Necrotizing Soft Tissue Infections

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Basics

Description

  • Necrotizing soft tissue infections (NSTI) are infections of any layer of the skin and soft tissue associated with necrotizing changes
    • Includes cellulitis, fasciitis, and myositis
    • Usually spreads rapidly along tissue planes
  • Characterized as a group by:
    • Widespread fascial and muscle necrosis with relative sparing of the skin
    • High mortality
    • Systemic toxicity
  • Necrotizing cellulitis:
    • Crepitus and gas of skin
    • Spares deeper structures
    • May lack systemic toxicity
  • Necrotizing fasciitis:
    • Classic, historical name (and often inaccurate description) for most NSTIs
    • Progressive, rapidly spreading infection with extensive dissection and necrosis of the fascia and subcutaneous (SC) fat
    • Frequently spares skin and muscle initially
  • Fournier gangrene:
    • Mixed aerobic–anaerobic NSTI of the perineum
  • CDC reports 500–1,500 cases per yr in the U.S.
  • Often difficult to recognize initially
  • Risk factors include:
    • Advanced age
    • Chronic systemic disease:
      • Diabetes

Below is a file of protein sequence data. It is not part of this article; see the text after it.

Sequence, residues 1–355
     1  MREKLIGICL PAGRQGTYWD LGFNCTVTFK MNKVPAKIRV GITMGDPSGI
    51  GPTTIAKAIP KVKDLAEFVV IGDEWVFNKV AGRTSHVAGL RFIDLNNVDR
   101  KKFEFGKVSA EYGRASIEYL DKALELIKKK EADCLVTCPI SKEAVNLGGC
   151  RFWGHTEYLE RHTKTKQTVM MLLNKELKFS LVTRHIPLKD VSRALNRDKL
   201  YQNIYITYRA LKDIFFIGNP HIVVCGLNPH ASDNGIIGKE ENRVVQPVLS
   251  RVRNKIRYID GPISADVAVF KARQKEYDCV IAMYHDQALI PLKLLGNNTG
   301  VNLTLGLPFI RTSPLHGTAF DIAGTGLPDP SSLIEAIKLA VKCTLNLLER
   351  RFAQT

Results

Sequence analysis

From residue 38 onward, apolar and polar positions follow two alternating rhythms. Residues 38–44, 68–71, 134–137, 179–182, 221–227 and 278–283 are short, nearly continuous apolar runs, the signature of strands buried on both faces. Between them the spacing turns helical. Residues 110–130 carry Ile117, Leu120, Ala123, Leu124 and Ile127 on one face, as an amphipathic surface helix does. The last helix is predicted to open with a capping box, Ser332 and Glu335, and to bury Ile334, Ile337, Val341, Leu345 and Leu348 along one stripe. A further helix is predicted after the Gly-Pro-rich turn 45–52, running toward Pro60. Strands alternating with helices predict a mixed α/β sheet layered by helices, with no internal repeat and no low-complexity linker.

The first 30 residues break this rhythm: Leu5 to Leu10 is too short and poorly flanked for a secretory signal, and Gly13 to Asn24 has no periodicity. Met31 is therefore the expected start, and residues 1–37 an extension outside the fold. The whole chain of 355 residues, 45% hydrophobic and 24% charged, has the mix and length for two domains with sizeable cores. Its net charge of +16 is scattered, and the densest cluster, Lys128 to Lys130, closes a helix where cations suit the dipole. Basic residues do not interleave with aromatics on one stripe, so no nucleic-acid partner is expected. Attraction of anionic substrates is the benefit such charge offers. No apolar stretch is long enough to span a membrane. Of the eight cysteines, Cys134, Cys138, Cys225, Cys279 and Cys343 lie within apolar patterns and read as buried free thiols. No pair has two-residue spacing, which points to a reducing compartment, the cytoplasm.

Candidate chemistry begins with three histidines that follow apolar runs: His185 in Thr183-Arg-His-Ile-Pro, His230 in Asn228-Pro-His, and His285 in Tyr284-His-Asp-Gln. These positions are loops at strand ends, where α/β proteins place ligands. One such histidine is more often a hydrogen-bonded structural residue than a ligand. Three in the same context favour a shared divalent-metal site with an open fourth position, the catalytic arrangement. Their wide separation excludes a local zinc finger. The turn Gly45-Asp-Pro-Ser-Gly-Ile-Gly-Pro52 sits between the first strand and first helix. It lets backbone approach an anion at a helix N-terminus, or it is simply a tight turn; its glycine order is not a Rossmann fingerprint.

• Obesity
      • Peripheral vascular disease
      • Renal failure
    • Smoking
    • Alcohol abuse
    • IV drug abuse
    • Immunosuppression
    • Recent surgery
    • Traumatic wounds
  • 14–40% mortality
  • High morbidity:
    • Frequent need for amputations
    • Renal failure, cardiomyopathy, multisystem organ dysfunction

Etiology

  • Conditions that lead to the development of NSTIs:
    • Most from local tissue trauma with bacterial invasion
    • Less frequently from local ischemia or nonpenetrating trauma and reduced host defenses as above
  • Type I NSTI:
    • Polymicrobial, including at least 1 anaerobe
    • Anaerobic and aerobic bacteria
    • Includes Fournier gangrene
    • Seen more in elderly, those with underlying illnesses, or after recent surgery
    • Represent majority of NSTIs
    • Streptococcal species are most common aerobes
      • Also Staphylococcus, Enterococcus, Escherichia coli, Klebsiella
    • Bacteroides are most common anaerobes
  • Type II NSTI:
    • Monomicrobial
    • Most commonly group A Streptococcus
    • Staphylococcus aureus including methicillin-resistant S. aureus (MRSA) second most common
    • Often young, healthy patients
    • Almost half with no skin portal of entry
    • Often no gas seen on imaging